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Hollywood's a 'scared town,' says Zombie

By Doug Gross, CNN
Director Rob Zombie's "Halloween 2" is being re-released this weekend.
Director Rob Zombie's "Halloween 2" is being re-released this weekend.
  • Rob Zombie is behind "Halloween 2," being re-released this weekend
  • Zombie has also directed a remake of "Halloween" and other horror movies
  • Hardcore hero is touring behind new album, also wants to keep making films
  • He'd like to do some original work, but Hollywood wants remakes, he says

(CNN) -- Don't bother complaining to Rob Zombie about how Hollywood's out of original ideas and keeps remaking old movies.

The director of the reworked "Halloween" and "Halloween 2" -- whose future plans include the possibility of a new take on 1958's "The Blob" -- will probably agree with you.

"I used to be one of those people -- and still sort of am," said Zombie, the rocker/director whose "Halloween 2" is set to be re-released in about 1,000 theaters this weekend in honor of its namesake holiday. "But, unfortunately, I don't run Hollywood, so I kind of have to look at what's there and go, 'Well, OK, this is how they want to do things and I want to make movies.'

"So I try to do what I tried to with 'Halloween' -- take something and as much turn it into my own thing as possible."

Zombie, whose "House of 1,000 Corpses" and "The Devil's Rejects" became instant cult favorites, called Hollywood "a scared town" where, especially in tough economic times, studios want to put money behind what they think is a sure bet.

Video: Wes Craven on horror films
Video: Sam Raimi on horror films

"I have lots of original ideas that maybe will get made," he said. "But everyone ... even if you bring them the most obscure movie that nobody's ever heard of -- they want to remake that."

As his movie, originally released in late August, re-hits screens, Zombie will be hitting the road.

Perhaps still best-known as front man for the multi-platinum-selling '90s metal band White Zombie and solo efforts like 1998's "Hellbilly Deluxe," Zombie kicked off his first headlining tour since 2007 on Thursday.

Beginning in Phoenix, Arizona, the tour includes a blowout Halloween-night show at the Palladium in Los Angeles featuring music and characters from "H2".

Zombie said juggling careers in rock and film is sometimes tough, but in the end helps keep him sane.

"They're a great counter-balance," he said. "It's both sides of my personality. I have a subdued, meticulous side that needs to obsess over work. But I have the other side where you just need to go crazy, you know?"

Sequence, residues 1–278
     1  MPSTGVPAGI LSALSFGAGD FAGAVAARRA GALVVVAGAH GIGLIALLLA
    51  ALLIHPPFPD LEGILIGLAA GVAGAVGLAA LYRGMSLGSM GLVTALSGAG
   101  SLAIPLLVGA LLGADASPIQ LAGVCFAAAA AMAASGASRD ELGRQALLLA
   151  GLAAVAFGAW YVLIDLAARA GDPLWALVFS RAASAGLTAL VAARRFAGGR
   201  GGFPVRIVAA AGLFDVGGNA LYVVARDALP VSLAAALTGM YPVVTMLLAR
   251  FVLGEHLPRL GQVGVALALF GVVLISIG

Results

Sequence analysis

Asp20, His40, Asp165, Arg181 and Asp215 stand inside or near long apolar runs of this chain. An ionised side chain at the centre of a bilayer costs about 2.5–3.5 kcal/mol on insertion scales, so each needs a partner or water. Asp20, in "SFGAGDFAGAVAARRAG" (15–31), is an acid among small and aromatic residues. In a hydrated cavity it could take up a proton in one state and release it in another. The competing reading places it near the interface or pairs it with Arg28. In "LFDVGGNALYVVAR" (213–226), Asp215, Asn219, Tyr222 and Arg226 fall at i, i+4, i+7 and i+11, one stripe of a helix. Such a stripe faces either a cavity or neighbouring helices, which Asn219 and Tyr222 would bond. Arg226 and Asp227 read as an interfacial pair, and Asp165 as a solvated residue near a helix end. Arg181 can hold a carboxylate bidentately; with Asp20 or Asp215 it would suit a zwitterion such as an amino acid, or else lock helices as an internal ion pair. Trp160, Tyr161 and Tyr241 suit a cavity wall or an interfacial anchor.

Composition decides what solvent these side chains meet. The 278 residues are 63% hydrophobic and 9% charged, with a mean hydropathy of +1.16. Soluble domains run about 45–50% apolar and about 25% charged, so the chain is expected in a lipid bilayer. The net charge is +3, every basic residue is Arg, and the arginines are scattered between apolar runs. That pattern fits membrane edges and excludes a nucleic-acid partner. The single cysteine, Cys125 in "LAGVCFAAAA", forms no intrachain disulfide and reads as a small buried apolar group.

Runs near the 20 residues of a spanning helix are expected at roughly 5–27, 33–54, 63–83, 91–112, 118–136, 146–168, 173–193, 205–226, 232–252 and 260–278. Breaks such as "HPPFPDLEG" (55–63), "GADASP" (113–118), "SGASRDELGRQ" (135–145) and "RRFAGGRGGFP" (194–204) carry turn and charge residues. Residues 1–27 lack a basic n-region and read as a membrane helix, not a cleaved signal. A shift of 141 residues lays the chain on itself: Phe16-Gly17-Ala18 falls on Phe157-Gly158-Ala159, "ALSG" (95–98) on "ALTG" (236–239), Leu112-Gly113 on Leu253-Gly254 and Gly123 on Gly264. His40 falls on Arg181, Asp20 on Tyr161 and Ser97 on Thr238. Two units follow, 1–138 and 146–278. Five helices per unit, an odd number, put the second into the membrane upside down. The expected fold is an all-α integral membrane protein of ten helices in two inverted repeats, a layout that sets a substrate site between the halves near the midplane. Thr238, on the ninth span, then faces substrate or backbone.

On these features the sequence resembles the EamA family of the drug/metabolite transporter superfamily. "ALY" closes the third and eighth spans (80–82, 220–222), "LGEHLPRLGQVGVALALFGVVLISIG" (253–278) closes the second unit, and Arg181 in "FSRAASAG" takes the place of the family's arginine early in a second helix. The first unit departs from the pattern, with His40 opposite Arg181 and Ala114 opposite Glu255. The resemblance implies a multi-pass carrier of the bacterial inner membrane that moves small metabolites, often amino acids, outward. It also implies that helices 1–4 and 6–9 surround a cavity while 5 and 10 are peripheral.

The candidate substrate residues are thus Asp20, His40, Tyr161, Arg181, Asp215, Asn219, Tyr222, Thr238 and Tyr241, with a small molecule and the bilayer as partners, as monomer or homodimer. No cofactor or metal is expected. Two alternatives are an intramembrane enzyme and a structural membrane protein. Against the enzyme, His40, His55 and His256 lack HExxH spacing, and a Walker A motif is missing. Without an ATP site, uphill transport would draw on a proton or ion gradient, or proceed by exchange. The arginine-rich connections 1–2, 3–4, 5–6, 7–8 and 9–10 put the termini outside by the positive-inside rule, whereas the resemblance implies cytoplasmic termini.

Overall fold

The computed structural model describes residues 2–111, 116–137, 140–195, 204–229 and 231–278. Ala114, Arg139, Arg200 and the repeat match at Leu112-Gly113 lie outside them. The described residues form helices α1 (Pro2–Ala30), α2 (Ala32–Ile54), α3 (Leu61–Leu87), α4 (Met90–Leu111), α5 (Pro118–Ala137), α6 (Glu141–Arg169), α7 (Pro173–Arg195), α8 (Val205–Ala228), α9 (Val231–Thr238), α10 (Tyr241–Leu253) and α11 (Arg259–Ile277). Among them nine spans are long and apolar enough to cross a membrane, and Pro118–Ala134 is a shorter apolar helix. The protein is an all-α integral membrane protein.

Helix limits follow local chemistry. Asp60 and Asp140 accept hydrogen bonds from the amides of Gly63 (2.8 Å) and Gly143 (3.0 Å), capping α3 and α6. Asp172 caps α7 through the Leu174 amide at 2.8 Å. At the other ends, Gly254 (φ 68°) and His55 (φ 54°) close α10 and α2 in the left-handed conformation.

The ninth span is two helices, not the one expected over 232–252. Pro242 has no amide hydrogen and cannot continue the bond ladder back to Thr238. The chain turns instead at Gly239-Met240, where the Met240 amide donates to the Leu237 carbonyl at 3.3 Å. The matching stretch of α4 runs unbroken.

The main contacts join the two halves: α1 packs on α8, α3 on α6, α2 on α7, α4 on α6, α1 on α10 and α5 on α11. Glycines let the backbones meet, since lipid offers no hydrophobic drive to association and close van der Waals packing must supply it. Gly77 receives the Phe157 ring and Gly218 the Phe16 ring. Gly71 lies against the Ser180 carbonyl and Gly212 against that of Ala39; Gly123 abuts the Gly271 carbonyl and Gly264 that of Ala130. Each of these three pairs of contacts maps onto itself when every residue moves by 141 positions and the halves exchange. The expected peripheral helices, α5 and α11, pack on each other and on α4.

And while one might think making over-the-top horror movies would fill his "crazy" quotient, Zombie said that's not usually the case.

"It doesn't matter if you're shooting a bloody murder or some romantic scene," he said. "The process by which you're getting it on film is mostly the same."

The tour comes in advance of Zombie's upcoming album, "Hellbilly Deluxe 2," which was originally set for a November 11 release but has now been pushed back to an unspecified date next year.

The first single -- "What?" -- features Zombie's trademark heavy grooves, strong hooks and horror-show lyrics combined with distorted vocals reminiscent of '90s aggro-industrial band Ministry.

But Zombie said he's hard pressed to describe the record himself.

"Music is the most confusing thing as to how people perceive it," he said. "You play somebody something and you think, 'Oh this is my classic sound' and they go, 'Oh my God, it's so different.'

"And then you play something that you think is so different and they go 'Oh yeah, that's pretty much what I expected.' "

In addition to pondering "The Blob," which remains in development, Zombie recently finished editing a director's cut of "Halloween 2" for DVD and has an original film, "Tyrannosaurus Rex," in the works with a tentative 2013 release date. The Internet Movie Database describes "Rex" as the story of an ex-con boxer who gets caught up in an underground fight ring.

In disappointing news for hardcore fans, he said Captain Spaulding and the rest of the degenerates from "House of 1,000 Corpses" and "Devil's Rejects" are likely retired for good -- at least on his watch.

"I think 'House of 1,000 Corpses,' in about 10 more years, will probably be one of the movies that people want to remake," he said.